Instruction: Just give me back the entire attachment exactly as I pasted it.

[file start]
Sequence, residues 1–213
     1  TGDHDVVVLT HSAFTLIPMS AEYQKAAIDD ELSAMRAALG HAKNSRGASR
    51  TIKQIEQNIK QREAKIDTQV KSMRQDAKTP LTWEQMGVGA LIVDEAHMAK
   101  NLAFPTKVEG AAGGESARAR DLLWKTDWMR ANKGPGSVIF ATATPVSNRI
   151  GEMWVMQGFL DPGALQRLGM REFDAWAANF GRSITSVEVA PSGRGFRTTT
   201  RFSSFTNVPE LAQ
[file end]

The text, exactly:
Sequence, residues 1–213
     1  TGDHDVVVLT HSAFTLIPMS AEYQKAAIDD ELSAMRAALG HAKNSRGASR
    51  TIKQIEQNIK QREAKIDTQV KSMRQDAKTP LTWEQMGVGA LIVDEAHMAK
   101  NLAFPTKVEG AAGGESARAR DLLWKTDWMR ANKGPGSVIF ATATPVSNRI
   151  GEMWVMQGFL DPGALQRLGM REFDAWAANF GRSITSVEVA PSGRGFRTTT
   201  RFSSFTNVPE LAQ